Exhibit 4 Revenues and cost/income ratio for major regions
110 100 90 81 81 80 79 100 94 85 88 90 94 100 103 114 114 115 107 100 104 104
118 116 100 94 89 104 106
2007 ’08 ’09 ’10 ’11 ’12
2007 ’08 ’09 ’10 ’11 ’12
2007 ’08 ’09 ’10 ’11 ’12
2007 ’08 ’09 ’10 ’11 ’12
2007 ’08 ’09 ’10 ’11 ’12
75% 77% 78% 64% 68% 71% 76% 77% 73% 75% 75% 64% 64% 60% 49% 45% 50% 55% 56% 73% 68% 79% 76%
73% 65% 60%
2007 ’08 ’09 ’10 ’11 ’12
2007 ’08 ’09 ’10 ’11 ’12
2007 ’08 ’09 ’10 ’11 ’12
2007 ’08 ’09 ’10 ’11 ’12
2007 ’08 ’09 ’10 ’11 ’12
* Revenue development of average wealth manager for each region (2007 = 100). Source: Company reports (global sample), Strategy& analysis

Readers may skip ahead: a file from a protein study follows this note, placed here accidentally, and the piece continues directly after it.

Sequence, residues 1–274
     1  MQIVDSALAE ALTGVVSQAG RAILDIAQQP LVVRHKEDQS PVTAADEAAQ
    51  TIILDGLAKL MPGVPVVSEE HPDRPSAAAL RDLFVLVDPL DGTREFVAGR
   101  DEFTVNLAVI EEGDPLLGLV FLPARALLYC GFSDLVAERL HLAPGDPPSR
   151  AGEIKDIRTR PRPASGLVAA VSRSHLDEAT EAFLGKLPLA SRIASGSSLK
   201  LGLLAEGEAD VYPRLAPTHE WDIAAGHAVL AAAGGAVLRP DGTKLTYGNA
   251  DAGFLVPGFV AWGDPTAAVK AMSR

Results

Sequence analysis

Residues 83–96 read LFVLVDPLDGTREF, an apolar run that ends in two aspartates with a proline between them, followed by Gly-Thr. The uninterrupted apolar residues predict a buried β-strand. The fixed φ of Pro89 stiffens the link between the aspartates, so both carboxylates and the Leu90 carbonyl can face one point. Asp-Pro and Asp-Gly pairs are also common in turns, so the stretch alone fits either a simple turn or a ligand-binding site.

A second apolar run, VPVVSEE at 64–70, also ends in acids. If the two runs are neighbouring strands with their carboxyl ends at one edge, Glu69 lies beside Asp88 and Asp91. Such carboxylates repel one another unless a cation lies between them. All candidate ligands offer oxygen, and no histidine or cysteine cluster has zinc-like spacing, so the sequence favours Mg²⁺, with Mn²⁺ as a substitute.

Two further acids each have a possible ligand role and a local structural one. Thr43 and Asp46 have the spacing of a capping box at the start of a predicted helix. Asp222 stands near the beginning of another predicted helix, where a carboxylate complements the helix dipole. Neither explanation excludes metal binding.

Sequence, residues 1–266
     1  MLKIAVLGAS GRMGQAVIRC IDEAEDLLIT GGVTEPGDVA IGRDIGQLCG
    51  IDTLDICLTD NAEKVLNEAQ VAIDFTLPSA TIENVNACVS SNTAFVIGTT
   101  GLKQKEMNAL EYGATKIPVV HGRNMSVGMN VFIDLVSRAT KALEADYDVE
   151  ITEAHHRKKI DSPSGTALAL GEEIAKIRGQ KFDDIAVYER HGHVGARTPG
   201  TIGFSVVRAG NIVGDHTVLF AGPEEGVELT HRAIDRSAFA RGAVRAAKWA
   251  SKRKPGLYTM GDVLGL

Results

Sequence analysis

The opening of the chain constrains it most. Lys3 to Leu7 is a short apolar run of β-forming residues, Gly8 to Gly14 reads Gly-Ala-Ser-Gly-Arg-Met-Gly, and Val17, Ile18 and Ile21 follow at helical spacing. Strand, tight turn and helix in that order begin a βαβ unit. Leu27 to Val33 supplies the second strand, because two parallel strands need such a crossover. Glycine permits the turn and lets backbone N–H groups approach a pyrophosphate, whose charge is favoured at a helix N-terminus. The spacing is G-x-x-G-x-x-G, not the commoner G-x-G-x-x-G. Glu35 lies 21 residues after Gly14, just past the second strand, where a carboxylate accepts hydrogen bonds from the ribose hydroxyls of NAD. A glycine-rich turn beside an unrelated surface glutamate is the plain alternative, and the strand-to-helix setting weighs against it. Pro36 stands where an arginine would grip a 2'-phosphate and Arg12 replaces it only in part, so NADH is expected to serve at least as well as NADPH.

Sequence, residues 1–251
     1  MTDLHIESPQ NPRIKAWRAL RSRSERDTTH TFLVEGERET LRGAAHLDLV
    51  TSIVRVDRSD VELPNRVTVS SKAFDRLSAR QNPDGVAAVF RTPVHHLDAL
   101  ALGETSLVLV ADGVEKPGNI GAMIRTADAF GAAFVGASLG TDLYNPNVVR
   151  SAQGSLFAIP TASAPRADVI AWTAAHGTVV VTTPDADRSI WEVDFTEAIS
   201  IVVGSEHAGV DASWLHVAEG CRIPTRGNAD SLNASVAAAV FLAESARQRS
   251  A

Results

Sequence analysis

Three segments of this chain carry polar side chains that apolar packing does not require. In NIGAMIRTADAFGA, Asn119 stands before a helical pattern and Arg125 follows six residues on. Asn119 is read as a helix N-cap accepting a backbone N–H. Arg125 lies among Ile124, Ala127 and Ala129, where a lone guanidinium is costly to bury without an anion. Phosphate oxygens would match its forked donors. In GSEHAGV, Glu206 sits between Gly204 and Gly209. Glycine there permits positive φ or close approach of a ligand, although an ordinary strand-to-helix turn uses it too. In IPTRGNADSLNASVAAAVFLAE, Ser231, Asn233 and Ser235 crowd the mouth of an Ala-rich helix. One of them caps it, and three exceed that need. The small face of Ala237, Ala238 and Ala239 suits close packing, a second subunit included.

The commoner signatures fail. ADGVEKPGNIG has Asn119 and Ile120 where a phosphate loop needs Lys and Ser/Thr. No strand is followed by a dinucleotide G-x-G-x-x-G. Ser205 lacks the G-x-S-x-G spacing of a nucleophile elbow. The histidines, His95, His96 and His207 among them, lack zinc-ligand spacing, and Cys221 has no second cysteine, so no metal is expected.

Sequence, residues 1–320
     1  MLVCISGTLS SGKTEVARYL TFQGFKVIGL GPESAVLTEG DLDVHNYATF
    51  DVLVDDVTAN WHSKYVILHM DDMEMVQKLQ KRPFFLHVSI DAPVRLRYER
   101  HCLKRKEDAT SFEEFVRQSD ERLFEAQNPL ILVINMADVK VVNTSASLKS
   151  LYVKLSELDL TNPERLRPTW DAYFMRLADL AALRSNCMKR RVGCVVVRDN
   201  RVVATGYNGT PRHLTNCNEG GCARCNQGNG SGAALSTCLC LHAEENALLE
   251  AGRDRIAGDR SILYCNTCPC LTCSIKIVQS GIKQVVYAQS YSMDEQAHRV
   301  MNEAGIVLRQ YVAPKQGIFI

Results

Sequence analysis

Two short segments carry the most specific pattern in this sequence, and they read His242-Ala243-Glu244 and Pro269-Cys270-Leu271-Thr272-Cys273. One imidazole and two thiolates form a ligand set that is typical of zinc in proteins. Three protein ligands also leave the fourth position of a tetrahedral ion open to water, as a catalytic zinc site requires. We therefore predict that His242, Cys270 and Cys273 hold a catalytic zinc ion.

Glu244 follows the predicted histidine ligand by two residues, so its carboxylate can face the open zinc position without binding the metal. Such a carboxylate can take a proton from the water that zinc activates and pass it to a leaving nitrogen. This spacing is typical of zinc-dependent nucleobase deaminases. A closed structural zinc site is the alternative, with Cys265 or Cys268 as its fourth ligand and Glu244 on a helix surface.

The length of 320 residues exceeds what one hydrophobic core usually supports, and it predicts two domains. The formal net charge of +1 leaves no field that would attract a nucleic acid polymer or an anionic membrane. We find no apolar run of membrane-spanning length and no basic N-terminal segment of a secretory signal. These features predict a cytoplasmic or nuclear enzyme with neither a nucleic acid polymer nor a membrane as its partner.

due to declining spreads in Brazil, the region’s largest wealth management market. Meanwhile, the region’s cost/income ratio rose by almost 10 percentage points, from 55 percent in 2007 to 64 percent in 2012, and profitability has come under pressure. One factor is industry investment in innovative products and services for private banking clients, who increasingly demand technical expertise and holistic investment advisory offerings. This expectation has required players to put significant effort into the development of key capabilities and differentials. Since January 2013, AuM growth has started to slow down, mainly driven by rising economic and political uncertainties in the region. We expect this trend to continue over the next two years, further challenging players to increase differentiation and to act upon efficiency and scale. Despite this mixed picture, market participants generally agree that the worst of the financial crisis is behind them and that profit margins are likely to improve over the next three years. Few believe the industry will return to the precrisis way of doing business, however. Looking forward, AuM, cost/income ratios, revenues, and profits will be driven by an intermingling of complex regulations, the rapid advance of digitization, evolving client behavior, and a fluid competitive landscape driven in part by the influence of digitization and the rise of the emerging markets.